Professional Performance: Linux

Built around several freely available benchmarks for Linux, Linux-Bench is a project spearheaded by Patrick at ServeTheHome to streamline about a dozen of these tests in a single neat package run via a set of three commands using an Ubuntu 11.04 LiveCD. These tests include fluid dynamics used by NASA, ray-tracing, OpenSSL, molecular modeling, and a scalable data structure server for web deployments. We run Linux-Bench and have chosen to report a select few of the tests that rely on CPU and DRAM speed.

Due to our limited testing time and other issues, only the i7-5775C was processed in our Linux tests. These should be updated for Part 2.

C-Ray: link

C-Ray is a simple ray-tracing program that focuses almost exclusively on processor performance rather than DRAM access. The test in Linux-Bench renders a heavy complex scene offering a large scalable scenario.

Linux-Bench c-ray 1.1 (Hard)

NAMD, Scalable Molecular Dynamics: link

Developed by the Theoretical and Computational Biophysics Group at the University of Illinois at Urbana-Champaign, NAMD is a set of parallel molecular dynamics codes for extreme parallelization up to and beyond 200,000 cores. The reference paper detailing NAMD has over 4000 citations, and our testing runs a small simulation where the calculation steps per unit time is the output vector.

Linux-Bench NAMD Molecular Dynamics

NPB, Fluid Dynamics: link

Aside from LINPACK, there are many other ways to benchmark supercomputers in terms of how effective they are for various types of mathematical processes. The NAS Parallel Benchmarks (NPB) are a set of small programs originally designed for NASA to test their supercomputers in terms of fluid dynamics simulations, useful for airflow reactions and design.

Linux-Bench NPB Fluid Dynamics

Redis: link

Many of the online applications rely on key-value caches and data structure servers to operate. Redis is an open-source, scalable web technology with a b developer base, but also relies heavily on memory bandwidth as well as CPU performance.

Linux-Bench Redis Memory-Key Store, 1x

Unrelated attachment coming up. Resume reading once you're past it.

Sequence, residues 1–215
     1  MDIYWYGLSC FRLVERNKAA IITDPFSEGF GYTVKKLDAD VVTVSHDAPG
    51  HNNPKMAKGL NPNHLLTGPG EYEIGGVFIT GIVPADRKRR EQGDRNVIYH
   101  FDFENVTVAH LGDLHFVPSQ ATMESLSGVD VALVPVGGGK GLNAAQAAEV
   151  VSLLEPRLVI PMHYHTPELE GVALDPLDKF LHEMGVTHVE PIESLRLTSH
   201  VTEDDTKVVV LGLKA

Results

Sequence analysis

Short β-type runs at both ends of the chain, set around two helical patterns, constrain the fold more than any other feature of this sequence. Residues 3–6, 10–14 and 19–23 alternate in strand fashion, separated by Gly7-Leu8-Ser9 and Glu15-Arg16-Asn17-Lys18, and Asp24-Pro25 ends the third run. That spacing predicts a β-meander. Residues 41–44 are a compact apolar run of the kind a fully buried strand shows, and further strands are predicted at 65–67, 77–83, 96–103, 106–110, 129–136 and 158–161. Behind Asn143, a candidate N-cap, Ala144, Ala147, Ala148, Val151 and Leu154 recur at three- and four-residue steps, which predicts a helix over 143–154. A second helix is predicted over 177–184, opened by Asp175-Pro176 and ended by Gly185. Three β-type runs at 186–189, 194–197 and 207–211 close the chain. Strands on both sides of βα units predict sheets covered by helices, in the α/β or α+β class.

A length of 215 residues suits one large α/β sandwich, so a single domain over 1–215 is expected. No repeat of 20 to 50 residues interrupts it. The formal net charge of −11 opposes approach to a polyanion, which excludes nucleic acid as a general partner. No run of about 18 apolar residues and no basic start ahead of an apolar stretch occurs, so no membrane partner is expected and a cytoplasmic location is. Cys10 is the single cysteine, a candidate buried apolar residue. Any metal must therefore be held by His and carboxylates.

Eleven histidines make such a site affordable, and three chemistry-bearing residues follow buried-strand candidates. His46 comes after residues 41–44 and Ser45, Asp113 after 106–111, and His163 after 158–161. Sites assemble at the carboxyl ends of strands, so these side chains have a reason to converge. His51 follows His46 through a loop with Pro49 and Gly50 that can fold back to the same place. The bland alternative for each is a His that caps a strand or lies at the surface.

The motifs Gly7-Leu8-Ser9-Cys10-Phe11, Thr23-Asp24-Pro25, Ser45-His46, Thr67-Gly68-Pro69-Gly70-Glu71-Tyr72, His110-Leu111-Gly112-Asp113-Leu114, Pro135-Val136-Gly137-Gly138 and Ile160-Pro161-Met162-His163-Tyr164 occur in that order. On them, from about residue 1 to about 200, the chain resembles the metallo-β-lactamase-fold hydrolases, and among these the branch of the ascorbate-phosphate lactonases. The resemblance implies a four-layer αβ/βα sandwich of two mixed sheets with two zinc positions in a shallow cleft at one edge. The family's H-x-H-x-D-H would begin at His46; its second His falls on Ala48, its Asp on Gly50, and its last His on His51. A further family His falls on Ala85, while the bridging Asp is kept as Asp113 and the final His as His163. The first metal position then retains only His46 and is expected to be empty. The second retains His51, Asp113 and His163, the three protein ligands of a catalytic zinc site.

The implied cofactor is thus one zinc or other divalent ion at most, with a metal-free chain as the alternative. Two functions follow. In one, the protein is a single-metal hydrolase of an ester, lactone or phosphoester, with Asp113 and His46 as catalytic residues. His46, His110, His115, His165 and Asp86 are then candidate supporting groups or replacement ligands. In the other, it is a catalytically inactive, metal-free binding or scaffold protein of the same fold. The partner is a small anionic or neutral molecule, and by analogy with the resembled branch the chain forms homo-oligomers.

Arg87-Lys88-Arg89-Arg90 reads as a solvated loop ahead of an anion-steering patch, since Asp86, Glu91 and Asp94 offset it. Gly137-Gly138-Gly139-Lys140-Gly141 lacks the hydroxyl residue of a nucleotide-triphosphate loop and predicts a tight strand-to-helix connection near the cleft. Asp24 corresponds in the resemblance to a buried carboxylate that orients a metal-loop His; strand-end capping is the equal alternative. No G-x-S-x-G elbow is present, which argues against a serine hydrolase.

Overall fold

Linux-Bench Redis Memory-Key Store, 10x

Linux-Bench Redis Memory-Key Store, 100x

Professional Performance: Windows Gaming Benchmarks: Integrated and R7 240 DDR3
POST A COMMENT

195 Comments

View All Comments

  • ImSpartacus - Tuesday, June 2, 2015 - link

    And it's not THAT expensive. It's certainly not cheap, but it's reasonable considering Intel's dominance. Reply
  • bug77 - Tuesday, June 2, 2015 - link

    I would love to see a quad core clocked higher (or with better IPC). I don't use highly parallel software that much and I have no use for an integrated GPU.
    Sadly, with no competition, Intel has just been pumping the GPU for 4 generations in a row. Not that I blame them.
    Reply
  • Taneli - Tuesday, June 2, 2015 - link

    Improving single threaded performance is extremely hard, just ask AMD. I'd expect improvements of 5-10% per generation for the next few years. Reply
  • bug77 - Tuesday, June 2, 2015 - link

    They could still raise the clock speed. Intel CPUs could hit 4GHz on air for years. Even the top-level Haswell can do it, but it's 4 core+HT part. If I could replace my i5-2500k with a 4GHz quad-core, that would be good enough for me. Removing the integrated GPU from the equation would yield even more thermal legroom for the CPU. But it's not happening. With CPU performance securely in their hands, Intel is trying to secure positions in GPU and mobile markets (they'd be crazy not to at least try to diversify).

    Yet raising the clock speed conflicts with higher IPC. Because raising clock speed needs a longer pipeline and a longer pipeline means taking a more serious hit for branch mispredictions. AMD has managed to seriously raise IPC with AthlonXP. Intel did it with their Core architecture. And nothing happened ever since. Because there's no more pressure on Intel and AMD doesn't have the cash to invest anymore.
    Reply
  • swaaye - Tuesday, June 2, 2015 - link

    You don't know that the GPU is impeding clock rate.

    Increases to clock rate increase power consumption dramatically. You can always overclock Broadwell yourself.

    IPC has been steadily improving. Core 2, and anything from AMD, are far behind at this point.
    Reply
  • bug77 - Tuesday, June 2, 2015 - link

    "IPC has been steadily improving. Core 2, and anything from AMD, are far behind at this point."

    Not really. If you look here: http://www.anandtech.com/show/7003/the-haswell-rev...
    You'll see there's usually less than 10% gained (watch the i7 3.5GHz parts). And that's spread over three generations. Broadwell bring another 2-3%.
    And yes, AMD has been playing the same game, only they're stuck in their Athlon64 days.
    Reply
  • MrSpadge - Tuesday, June 2, 2015 - link

    Dude, Intel is offering exactly this with i7 4790K. A really highly clocked quad core. Use your external GPU and the iGPU won't consume any power nor limit clock speed. In fact it makes the die larger and thus helps cooling a bit. Reply
  • sonicmerlin - Tuesday, June 2, 2015 - link

    Oh please. What a garbage excuse. "It's hard"? Intel's more than doubled IPC/Watt in their mobile chips over the last 3-4 years. They just don't care about high end IPC because they have no competition. Reply
  • vision33r - Tuesday, June 2, 2015 - link

    That is what the XEON offers a better price and value than the X58xx line if you don't need unlocked performance. You can buy many XEON 6 cores cheaper than the X58xx line. Reply
  • Pcorb - Tuesday, June 2, 2015 - link

    I'm not so sure that high end desktop users are a large enough demographic that Intel will be complaining any time soon. Reply

Log in

Don't have an account? Sign up now